Can there be a difference between spoken words and written words if they have the same words?
– This is the point that we seem to have finally converged to.
There could be a big difference. Let me give an example.
Suppose a little child is about to touch a red-hot cooking surface, because it looks attractive. If the mother sees that, how would she say, “Don’t touch it!”?.
– The tone of her voice will tell the child it would be dangerous to touch it. The child would immediately pull back.
On the other hand, if someone watching just said, “Don’t touch it!” without any emotion in the voice, the child may not even hear that. Even if she hears it, she may not pay any attention to it.
– But those are exactly the same words!
That “tone of voice” is captured in a recording.
Vince asked: “Could the fact that I was ordained during the time I absorbed all of this information be another factor to consider? How significant of a role would it play in accelerating one’s progress and also, is it possible to bypass that need to physically hear a sound to attain magga phala if one is absorbing Dhamma while one is ordained?”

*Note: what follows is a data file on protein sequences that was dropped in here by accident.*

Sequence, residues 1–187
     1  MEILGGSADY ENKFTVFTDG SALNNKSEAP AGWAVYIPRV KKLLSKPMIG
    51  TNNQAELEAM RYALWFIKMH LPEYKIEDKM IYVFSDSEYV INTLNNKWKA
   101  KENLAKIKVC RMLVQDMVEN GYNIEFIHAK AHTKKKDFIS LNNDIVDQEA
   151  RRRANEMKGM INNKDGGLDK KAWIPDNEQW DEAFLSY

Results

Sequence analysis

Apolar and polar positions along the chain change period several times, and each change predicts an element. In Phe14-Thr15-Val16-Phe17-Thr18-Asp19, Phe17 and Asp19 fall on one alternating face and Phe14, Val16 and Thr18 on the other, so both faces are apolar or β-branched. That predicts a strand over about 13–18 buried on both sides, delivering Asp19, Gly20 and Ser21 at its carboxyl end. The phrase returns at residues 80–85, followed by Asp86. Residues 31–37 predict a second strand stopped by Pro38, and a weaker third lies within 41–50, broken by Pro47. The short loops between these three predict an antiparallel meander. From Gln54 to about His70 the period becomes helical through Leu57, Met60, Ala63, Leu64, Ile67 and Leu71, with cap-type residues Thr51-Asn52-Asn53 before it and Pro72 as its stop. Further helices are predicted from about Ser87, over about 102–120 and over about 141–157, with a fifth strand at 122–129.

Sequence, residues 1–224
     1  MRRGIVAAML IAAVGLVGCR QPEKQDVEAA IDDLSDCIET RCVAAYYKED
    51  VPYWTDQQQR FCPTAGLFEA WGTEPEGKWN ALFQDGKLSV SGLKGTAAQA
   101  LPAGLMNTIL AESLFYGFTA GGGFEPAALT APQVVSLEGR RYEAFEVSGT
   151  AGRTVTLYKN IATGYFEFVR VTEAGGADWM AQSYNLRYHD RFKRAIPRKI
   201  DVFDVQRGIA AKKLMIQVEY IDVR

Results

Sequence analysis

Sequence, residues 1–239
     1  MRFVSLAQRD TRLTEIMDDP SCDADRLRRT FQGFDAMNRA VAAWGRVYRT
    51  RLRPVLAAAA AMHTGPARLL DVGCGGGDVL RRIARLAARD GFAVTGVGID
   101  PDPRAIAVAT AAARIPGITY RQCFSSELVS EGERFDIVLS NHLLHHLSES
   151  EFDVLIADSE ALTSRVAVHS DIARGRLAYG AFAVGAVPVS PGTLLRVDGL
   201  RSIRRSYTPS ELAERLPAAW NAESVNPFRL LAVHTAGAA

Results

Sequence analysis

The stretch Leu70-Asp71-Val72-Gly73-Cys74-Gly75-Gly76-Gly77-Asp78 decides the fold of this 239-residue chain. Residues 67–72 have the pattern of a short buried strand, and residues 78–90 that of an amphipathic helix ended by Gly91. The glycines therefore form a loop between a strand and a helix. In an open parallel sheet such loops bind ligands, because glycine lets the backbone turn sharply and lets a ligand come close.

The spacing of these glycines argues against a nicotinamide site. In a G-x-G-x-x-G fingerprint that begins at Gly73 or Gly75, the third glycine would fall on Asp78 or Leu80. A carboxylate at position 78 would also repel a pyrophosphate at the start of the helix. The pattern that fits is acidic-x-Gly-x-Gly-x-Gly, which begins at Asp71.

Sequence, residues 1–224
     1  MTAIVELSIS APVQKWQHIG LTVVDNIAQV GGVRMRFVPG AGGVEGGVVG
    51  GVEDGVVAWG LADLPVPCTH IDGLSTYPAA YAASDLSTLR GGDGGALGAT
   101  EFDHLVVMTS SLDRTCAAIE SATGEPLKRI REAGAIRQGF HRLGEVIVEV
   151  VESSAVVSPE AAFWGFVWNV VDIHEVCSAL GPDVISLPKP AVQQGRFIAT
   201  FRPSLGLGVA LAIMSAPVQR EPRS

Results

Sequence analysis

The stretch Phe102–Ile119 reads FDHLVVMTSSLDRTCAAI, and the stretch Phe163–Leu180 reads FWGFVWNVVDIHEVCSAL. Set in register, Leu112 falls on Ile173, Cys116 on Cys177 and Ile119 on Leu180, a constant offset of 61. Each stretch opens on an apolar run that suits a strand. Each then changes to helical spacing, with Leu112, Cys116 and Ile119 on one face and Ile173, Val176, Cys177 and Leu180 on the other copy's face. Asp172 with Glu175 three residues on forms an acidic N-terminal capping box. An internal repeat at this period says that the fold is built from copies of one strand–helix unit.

Yes. It would definitely play a role in making understanding concepts easier. When one is living the life of a bhikkhu, there are less things to worry about, and one’s mind could expected to be relatively more calm. Furthermore, the environment is more peaceful and calm too.
– However, per that sutta that I quoted earlier, attaining Sotapanna phala happens only while listening to an Ariya, whether one is a bhikkhu or not.
It is also important to note that this listening requirement is not there for higher magga phala. The help of an Ariya is needed only for the attainment of Sotapanna phala.